FBI revives claim that Russian authorities did not share information on Tamerlan Tsarnaev, the deceased Chechen-origin suspect

The U.S. and Russia continued to trade blame between their investigative agencies on the Boston Marathon bombing case, with the Federal Bureau of Investigation this week reviving a prior claim that Russian authorities did not share information with it on Tamerlan Tsarnaev, the deceased Chechen-origin suspect.

According to a report in the New York Times citing an Inspector General’s report, “The Russian government declined to provide the FBI with information about [Tamerlan] that would most likely have led to more extensive scrutiny of him at least two years before the attack.”

Quoting unnamed officials, the Times added that the Inspector General’s report found that “it was only after the bombing occurred last April that the Russians shared with the FBI the additional intelligence, including information from a telephone conversation the Russian authorities had intercepted between Mr. Tsarnaev and his mother in which they discussed Islamic jihad.”

However, not many media reports on this subject noted that the claims linked to the FBI were not new, fewer still the Boston bombing case was hobbled as much by blockages to information sharing domestically between U.S. investigative agencies such as the FBI and the Department of Homeland Security, as by limited information from Russia.

Lax cooperation

For example, last year The Hindu reported that even a decade after al-Qaeda’s devastating attack on the U.S. on September 11 2001, lax intelligence cooperation seems to dog law enforcement agencies, leading Senator Susan Collins, a top Republican on the Homeland Security Committee, to say what “is troubling to me [is] that this many years after the attacks on our country in 2001, that we still seem to have stovepipes that prevent information from being shared effectively not only among agencies but also within the same agency in one case.”

The FBI at the time had put out a statement that it received a Russian alert in 2011 that Tamerlan “was a follower of radical Islam and a strong believer, and that he had changed drastically since 2010 as he prepared to leave the U.S. for travel to the country’s region to join unspecified underground groups.” This statement was repeated in the Inspector General’s report, as quoted by the Times.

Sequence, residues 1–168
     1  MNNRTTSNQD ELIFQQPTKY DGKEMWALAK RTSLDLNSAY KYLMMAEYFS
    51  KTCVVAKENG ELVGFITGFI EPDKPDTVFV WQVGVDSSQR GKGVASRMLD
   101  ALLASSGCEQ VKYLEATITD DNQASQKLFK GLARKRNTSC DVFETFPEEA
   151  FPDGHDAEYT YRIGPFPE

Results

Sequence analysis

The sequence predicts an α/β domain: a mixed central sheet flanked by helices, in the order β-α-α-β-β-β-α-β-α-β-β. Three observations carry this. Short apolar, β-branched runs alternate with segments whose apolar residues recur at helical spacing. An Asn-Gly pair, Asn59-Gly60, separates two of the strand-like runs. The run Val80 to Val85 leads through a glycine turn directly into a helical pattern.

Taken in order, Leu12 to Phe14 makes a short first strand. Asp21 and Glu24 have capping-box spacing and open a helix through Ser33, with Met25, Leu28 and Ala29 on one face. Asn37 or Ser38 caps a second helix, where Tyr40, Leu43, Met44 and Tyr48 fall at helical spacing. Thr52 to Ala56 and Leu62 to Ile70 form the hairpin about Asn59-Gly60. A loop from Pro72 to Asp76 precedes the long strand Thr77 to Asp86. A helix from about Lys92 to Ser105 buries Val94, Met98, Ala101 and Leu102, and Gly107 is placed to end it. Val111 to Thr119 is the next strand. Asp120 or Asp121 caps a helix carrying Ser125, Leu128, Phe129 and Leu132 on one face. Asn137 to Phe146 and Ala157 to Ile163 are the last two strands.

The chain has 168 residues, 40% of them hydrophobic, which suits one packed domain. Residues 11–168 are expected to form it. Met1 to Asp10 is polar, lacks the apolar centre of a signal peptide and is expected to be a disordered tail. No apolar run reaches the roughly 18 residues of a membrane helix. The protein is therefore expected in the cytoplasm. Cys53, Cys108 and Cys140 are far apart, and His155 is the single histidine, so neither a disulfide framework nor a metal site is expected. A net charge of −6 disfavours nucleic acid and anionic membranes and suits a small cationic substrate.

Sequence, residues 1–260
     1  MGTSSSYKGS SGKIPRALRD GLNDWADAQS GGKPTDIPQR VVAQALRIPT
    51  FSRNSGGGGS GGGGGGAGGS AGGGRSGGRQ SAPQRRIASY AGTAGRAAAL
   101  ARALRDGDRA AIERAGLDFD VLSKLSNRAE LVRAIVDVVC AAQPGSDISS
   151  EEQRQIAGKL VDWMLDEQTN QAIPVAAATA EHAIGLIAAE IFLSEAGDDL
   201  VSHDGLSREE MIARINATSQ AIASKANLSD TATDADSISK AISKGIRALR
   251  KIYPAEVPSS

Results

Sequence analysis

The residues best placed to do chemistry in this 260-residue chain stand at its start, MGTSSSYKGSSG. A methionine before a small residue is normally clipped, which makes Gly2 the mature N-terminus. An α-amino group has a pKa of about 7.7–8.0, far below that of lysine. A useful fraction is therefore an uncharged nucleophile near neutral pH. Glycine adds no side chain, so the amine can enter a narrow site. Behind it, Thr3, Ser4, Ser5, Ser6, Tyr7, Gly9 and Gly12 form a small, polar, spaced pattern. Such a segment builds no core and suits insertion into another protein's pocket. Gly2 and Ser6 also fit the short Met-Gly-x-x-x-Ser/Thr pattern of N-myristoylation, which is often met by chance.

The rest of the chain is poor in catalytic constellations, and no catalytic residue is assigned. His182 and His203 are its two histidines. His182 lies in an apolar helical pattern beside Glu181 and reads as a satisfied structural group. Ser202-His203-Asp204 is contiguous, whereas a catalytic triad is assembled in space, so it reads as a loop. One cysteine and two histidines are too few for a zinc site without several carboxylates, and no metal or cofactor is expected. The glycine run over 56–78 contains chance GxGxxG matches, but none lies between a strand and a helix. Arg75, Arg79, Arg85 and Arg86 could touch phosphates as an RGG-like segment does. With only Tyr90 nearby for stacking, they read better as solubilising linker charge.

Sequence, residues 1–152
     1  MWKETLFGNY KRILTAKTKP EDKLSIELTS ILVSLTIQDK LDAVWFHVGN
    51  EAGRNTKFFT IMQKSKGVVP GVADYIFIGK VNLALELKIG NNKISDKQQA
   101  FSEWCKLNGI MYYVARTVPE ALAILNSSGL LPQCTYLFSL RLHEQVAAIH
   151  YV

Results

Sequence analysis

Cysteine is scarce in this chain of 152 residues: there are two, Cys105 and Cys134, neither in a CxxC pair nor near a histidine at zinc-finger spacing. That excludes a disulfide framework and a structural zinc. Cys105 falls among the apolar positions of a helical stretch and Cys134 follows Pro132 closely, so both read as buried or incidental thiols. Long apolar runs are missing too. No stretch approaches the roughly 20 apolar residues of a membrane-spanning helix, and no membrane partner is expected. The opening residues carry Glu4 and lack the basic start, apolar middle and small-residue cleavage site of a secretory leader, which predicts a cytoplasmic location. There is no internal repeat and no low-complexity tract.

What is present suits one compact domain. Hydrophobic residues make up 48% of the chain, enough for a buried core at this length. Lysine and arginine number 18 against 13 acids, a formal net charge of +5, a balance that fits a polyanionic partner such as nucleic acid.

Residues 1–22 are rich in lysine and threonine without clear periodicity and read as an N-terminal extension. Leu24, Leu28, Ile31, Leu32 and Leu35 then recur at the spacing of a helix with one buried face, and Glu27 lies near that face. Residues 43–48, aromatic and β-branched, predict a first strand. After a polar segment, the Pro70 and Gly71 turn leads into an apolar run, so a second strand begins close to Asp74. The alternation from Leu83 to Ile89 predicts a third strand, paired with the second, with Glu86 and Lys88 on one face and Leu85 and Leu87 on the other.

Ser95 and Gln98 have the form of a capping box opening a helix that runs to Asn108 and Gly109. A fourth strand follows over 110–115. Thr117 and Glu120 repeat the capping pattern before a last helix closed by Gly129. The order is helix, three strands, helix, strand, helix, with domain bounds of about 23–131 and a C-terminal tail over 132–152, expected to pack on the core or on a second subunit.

The FBI also said its subsequent interview with Tamerlan and a search for information did not yield evidence of terrorism activity. Since then the FBI also “requested but did not receive more specific or additional information,” from Russia, the agency added.

However, the fact that appeared to receive less public attention was that the Russian Federal Security Service (FSB) had “multiple” contacts with the FBI and at least one was after October 2011, according to reported remarks of Senator Richard Burr, a North Carolina Republican who is also on the Intelligence Committee. From the evidence available so far, it appears that information “was not shared with the original team who interviewed Tamerlan,” or with other DHS officials.

The allegations in the report criticising Russian intelligence services come on the back of deteriorating relations between Washington and Moscow, especially in the wake of Russia annexing Crimea from Ukraine, and, last year, granting temporary asylum to Edward Snowden, the whistleblower and former National Security Agency contractor who supplied media with confidential documents on the NSA’s surveillance activities.

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